Chances are, you are like many of us and have a box of old vinyl “golden oldie” records and albums in the back of a closet. Or, you may be interested in collecting them.
Here are 7 tips to get you started:
1. Forget about the easy listening, swing era big bands, opera, classical and show tunes records. Lawrence Welk, too. Sellers may each have a different focus, but most buyers look for jazz, pop, psychedelic, rock, new wave, blues and early country, mostly from the 1960s and later. Hip hop full lengths are harder to find than singles, also a good find. Check out record bins at thrift stores but what you see there is probably not what sells at a record store or online.
2. Understand grading. The condition of the record influences value. Most record collectors use the strict “Goldmine Standard” to grade condition. A reasonable universal grading system uses these guidelines:
(M) Mint – Perfect in every way. Record has never been played and is usually still sealed.
(NM) Near Mint – Opened; the record looks glossy and as if it has only been played a few times. There are no marks and the whole record package is complete.
(E) Excellent – Opened; Very light marks or small signs of use.
(VG+) Very Good Plus – Opened; has been played and might be a bit scuffed but has nothing major that affects sound. Cover shows some wear.
(VG) Very Good – Opened; has signs of use. You can still listen to it and enjoy it but is visually and audibly used.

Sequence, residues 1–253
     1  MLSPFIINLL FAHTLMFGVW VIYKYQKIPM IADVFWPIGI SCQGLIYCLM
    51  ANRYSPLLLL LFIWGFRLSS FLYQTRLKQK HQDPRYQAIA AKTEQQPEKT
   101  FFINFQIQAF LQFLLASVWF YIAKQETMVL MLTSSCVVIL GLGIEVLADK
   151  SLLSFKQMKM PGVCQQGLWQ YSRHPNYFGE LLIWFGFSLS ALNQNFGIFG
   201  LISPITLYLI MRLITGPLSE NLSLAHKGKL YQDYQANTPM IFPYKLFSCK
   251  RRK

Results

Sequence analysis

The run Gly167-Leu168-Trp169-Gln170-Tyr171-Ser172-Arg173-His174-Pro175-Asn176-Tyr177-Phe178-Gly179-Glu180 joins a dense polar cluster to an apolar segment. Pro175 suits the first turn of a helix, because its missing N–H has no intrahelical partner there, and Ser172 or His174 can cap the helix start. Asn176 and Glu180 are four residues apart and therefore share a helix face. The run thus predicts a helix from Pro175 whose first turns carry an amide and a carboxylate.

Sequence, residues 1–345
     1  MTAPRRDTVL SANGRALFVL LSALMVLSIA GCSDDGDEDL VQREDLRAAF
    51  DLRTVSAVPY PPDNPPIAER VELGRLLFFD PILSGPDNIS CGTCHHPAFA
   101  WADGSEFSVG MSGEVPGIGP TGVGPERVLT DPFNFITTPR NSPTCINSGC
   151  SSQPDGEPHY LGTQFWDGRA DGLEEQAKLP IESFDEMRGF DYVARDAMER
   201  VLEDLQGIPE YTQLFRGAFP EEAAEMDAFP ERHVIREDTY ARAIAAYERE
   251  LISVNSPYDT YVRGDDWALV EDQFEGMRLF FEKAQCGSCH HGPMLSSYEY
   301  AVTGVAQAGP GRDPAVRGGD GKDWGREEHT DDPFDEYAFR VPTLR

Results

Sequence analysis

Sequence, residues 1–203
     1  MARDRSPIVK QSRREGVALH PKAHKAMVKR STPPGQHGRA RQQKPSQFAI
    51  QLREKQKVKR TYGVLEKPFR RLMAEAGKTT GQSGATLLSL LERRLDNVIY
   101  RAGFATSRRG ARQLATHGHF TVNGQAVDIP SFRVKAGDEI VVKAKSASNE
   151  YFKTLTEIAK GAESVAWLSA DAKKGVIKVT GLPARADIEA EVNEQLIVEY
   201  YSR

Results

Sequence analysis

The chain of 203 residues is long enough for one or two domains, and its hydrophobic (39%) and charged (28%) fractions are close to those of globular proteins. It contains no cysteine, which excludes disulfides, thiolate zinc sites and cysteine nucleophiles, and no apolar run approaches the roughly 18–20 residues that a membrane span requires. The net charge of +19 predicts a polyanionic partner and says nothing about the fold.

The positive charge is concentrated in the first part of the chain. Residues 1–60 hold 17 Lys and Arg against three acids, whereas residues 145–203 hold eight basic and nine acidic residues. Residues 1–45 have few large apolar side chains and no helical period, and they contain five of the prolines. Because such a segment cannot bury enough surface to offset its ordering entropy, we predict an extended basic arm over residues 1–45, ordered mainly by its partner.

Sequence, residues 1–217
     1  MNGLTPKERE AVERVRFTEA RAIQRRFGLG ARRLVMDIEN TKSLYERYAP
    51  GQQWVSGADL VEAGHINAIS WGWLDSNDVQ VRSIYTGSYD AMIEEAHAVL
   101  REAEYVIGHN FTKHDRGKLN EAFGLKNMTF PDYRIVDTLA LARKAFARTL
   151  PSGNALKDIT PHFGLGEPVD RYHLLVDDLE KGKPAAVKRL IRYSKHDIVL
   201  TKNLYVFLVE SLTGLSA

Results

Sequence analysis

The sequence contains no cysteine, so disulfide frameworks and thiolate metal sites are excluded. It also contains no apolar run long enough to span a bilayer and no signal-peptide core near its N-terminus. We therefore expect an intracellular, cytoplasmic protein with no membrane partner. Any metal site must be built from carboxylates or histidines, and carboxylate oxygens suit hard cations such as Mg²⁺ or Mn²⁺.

(G) Good – Is actually closer to “not good.” Scuffs, scratches, slight warp, a skip here and there but listenable. A seller or buyer may not be interested or only at a bargain price.
(P) Poor – Warped, scratches, cracked. Listening is difficult – it skips, repeats.
3. Examine the record. Look at it from various angles under a good light. Is it glossy? Warped? Are there marks on the vinyl? Look for needle wear, scratches, bubbles or other defects caused by use or heat. Look at the label – is it scratched or marked? Make notes about faults for your description.
4. Spin the record on a turntable and check again for warping. Try to listen to it from start to finish or at least a few tracks. How does it sound? Make notes.
5. Collectors and sellers often grade the sleeve and the record separately. Look at the sleeve for damage, wear, rips, creases and dirt. A clean, damp cotton cloth and a clean soft white eraser may remove some grime and marks.
6. Do you have “extras” that might have come with the record – liner notes, lyric sheets, posters, photos? They are coveted by collectors. What is their condition?
7. The better the shape vinyl records and their packaging are in, the more desirable they are. So . . .
a. Store them vertically – don’t lay them flat; it causes warping.
b. Store them in a cool, dry place and avoid temperature extremes and humidity.
c. Keep them in their sleeves.
d. Use a storage container that can handle their weight.
The record album pictured here is “Beatles VI,” Capitol Records, 1965. It’s not “graded” but it plays well. It has some shallow scratches and the sleeve has rub marks and some tape. It sells for $40 online.
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